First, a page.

Stories about Freedom of Speech from April, 2008
Window on Eurasia writes about the 40th anniversary of the launch of the Soviet samizdat publication, the Chronicle of Current Events.
Vilhelm Konnander posts an extensive analysis of the issues surrounding the first anniversary of the Estonian Bronze Soldier crisis.
Marcel Leonardi [pt], the Brazilian attorney who is representing WordPress in the case of a possible ban on the platform in the country, blogs: “In the motion filled by the Automattic Inc. [on Monday], among other pieces of information, it has been highlighted the tremendous damage that the blanket ban...
Saigon Blues writes that the current issue of The Economist which has a special report on Vietnam has been subjected to censorship in Vietnam.
British company Tesco Lotus has sued three Thai journalists in just one month for writing about the “aggressive” operations of the global retailer in Thailand. As a protest, Fable supports a worldwide boycott campaign of Tesco Lotus.
5 protest posters have been circulated via e-mails and twitter among friends. 1. Olympic workers; 2. Olympic silencing; 3. Olympics and June 4; 4. Olympic GFW; 5. Olympic erection.
James of Robert Amsterdam's blog reports on the hack attack on Radio Free Europe's sites.
Egyptian blogger Zeinobia attacks Pope Shenouda III in this post for his recent Easter speech in which she claims he said people using Facebook will "roast in hell," reports Gr33nData from Cairo.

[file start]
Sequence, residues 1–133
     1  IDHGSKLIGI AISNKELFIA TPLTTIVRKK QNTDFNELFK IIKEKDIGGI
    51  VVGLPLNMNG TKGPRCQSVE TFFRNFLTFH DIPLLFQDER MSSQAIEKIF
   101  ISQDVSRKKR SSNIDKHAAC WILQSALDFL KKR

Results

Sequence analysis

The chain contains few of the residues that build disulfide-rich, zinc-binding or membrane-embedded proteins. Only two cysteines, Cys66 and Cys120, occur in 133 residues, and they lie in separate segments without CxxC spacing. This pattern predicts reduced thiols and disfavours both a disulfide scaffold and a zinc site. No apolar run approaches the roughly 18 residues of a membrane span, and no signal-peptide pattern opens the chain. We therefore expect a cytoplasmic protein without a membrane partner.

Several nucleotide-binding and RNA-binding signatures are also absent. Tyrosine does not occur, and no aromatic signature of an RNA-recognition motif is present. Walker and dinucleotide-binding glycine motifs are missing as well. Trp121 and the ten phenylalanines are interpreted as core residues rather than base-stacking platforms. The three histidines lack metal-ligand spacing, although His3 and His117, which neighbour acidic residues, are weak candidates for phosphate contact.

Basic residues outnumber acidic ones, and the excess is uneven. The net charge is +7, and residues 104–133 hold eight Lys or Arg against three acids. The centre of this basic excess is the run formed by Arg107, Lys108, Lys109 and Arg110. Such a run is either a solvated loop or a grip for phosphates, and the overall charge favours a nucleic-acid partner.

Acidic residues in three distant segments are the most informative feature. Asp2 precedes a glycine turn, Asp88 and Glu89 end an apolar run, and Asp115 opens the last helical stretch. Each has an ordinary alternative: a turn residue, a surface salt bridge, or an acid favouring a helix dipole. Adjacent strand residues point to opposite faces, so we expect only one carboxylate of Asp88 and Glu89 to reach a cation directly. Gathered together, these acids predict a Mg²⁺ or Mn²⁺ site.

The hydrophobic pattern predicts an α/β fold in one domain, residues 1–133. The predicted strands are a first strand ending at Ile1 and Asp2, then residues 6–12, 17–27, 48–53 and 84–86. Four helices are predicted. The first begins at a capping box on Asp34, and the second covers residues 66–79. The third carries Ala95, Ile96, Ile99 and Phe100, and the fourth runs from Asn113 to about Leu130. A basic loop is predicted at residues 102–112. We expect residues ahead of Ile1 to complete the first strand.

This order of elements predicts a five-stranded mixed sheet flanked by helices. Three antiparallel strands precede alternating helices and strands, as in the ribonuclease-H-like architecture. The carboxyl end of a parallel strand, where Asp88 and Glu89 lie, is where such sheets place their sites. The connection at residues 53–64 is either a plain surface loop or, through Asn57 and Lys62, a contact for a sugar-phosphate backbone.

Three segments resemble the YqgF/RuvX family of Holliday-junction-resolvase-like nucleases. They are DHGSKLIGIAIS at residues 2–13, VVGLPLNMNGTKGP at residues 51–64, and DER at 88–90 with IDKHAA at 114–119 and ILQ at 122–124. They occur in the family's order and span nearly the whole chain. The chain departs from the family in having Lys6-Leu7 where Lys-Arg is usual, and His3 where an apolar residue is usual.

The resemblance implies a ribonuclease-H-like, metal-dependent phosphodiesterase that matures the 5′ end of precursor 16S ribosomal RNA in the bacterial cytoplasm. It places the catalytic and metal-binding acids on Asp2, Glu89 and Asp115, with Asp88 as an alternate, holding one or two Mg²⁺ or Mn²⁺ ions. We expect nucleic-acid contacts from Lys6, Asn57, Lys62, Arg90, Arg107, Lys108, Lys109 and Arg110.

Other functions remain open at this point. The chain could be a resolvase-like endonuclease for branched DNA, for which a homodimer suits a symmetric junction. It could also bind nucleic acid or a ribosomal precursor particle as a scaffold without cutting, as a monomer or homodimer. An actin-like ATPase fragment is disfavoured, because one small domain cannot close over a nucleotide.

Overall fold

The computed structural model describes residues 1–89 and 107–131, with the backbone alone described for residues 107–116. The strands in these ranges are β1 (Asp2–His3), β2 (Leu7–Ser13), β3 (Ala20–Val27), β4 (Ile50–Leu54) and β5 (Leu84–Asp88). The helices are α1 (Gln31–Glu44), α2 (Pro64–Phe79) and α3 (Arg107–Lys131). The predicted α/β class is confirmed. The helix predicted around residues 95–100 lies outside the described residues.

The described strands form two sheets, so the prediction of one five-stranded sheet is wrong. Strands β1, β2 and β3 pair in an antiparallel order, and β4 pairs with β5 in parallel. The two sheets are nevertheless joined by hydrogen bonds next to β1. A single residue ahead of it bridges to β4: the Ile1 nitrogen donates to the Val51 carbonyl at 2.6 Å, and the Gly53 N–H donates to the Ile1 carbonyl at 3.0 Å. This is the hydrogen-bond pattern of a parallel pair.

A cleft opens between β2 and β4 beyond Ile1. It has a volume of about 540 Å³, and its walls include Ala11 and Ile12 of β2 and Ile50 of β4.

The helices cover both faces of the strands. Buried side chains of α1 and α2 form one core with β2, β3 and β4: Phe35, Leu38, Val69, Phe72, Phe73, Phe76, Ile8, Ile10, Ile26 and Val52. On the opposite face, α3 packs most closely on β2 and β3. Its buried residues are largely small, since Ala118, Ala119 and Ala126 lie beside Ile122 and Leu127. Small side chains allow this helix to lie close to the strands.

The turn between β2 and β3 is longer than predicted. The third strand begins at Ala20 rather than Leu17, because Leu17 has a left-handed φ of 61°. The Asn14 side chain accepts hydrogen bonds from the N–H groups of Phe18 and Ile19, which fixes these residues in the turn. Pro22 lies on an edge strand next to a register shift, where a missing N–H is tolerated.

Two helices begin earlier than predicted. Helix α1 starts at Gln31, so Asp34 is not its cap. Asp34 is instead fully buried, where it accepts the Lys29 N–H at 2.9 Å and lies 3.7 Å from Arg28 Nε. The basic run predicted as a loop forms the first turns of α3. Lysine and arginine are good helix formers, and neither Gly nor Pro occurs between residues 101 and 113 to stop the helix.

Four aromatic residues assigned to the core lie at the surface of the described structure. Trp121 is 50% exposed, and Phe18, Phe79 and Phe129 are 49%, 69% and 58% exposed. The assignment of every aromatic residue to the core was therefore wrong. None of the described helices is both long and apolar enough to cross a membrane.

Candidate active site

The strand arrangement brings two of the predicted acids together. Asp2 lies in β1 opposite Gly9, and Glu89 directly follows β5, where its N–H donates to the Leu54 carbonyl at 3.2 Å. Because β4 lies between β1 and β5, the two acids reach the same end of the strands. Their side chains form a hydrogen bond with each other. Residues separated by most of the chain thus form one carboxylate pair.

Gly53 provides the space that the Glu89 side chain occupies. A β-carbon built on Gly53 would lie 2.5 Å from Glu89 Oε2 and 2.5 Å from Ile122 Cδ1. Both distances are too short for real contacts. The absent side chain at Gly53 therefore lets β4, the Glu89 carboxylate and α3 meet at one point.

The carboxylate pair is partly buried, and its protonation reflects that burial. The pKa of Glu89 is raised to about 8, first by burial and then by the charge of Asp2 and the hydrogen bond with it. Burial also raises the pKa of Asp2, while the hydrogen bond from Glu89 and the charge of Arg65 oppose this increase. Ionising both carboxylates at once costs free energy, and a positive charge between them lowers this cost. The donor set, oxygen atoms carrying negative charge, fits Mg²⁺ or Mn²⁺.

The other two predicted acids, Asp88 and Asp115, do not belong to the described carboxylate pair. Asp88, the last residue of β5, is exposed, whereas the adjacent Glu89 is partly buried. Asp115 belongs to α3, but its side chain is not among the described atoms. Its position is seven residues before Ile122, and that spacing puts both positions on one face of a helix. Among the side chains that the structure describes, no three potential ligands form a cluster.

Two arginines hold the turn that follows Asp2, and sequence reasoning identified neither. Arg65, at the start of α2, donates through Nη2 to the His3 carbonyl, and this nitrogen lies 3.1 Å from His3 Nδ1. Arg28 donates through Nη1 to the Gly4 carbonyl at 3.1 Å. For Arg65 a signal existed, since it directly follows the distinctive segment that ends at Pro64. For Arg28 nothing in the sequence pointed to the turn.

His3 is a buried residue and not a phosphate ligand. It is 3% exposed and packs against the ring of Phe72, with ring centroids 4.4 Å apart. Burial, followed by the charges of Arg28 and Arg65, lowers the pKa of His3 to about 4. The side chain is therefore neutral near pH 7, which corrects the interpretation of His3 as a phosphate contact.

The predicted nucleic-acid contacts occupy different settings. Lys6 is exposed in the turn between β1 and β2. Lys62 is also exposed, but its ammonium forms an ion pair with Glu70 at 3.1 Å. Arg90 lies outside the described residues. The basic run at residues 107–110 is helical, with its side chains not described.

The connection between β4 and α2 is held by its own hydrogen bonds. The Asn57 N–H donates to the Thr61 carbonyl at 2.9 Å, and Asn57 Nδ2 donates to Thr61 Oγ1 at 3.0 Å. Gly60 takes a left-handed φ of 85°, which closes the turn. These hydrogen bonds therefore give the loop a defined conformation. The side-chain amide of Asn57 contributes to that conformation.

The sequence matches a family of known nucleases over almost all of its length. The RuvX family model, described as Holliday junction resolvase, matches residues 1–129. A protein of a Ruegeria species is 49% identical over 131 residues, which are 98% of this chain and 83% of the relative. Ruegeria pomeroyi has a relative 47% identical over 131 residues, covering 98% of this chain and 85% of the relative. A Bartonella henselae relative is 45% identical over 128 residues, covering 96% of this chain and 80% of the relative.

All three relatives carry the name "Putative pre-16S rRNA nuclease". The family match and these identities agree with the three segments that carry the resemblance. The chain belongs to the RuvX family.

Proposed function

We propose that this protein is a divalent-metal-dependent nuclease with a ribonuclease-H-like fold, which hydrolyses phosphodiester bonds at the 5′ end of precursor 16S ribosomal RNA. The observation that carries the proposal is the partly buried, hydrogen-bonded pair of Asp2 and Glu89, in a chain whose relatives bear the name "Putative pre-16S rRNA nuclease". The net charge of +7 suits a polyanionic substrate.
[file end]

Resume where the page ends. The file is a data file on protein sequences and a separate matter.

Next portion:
Belatedly, a link to Ukrainiana‘s extensive post on the 22nd anniversary of Chernobyl.
The beatroot writes about this year's Tolerance March in Krakow.
Hungarian Spectrum writes about “Goy Bikers” and the “resurgence of neo-nazi activism.”
(UPDATE: Andrew Mwenda has been freed on bond, see his letter to supporters on the TED blog.) Bloggers and independent media outlets in Uganda are reporting that three journalists and a photographer at The Independent, an opposition newspaper based in Kampala, have been arrested and that the paper's offices have...
Luis Carlos Díaz of Periodismo de Paz [es] provides an update on the controversy involving the Simpsons in Venezuela. Turns out that the show will be moved to “supervised” prime time slot in the evening, but would allow for more children to see it because most are in school during...
Dupola reported that “Carrefour” becomes a “sensitive word” in GFW filter and Caodan reported that they got a notice to clear all discussion regarding Carrefour boycott [zh].
Charles Mok the Hong Kong Chapter of Net Respect for promoting user’s code of ethics.
Danish artist Jens Galschiot has been denied for entering Hong Kong as he is planning to attend a peaceful demonstration during the Olympic Torch relay. Galschiot has made a sculpture called “pillar of shame” after the June 4 incident. Kursk criticized that the HK government added one more shame to...
The Japanese leg of the Olympic torch relay came to an end on Saturday without serious incident, but many Japanese bloggers who attended the event were left with lasting -- and often bitter -- impressions. With all the red flags, many bloggers pointed out how Nagano, for one day, seemed to transform into China.
Carrie Martin asks: Where is justice in Cambodia?
“Arabic is an embarrassed language. Not embarrassing, but embarrassed,” comments Tantalus about how cryptic some Arabic writers become in order to avoid taboo words.
Edward Lucas of the Economist re-posts his piece on the “shrinking” of “media freedom” in Slovakia and Romania.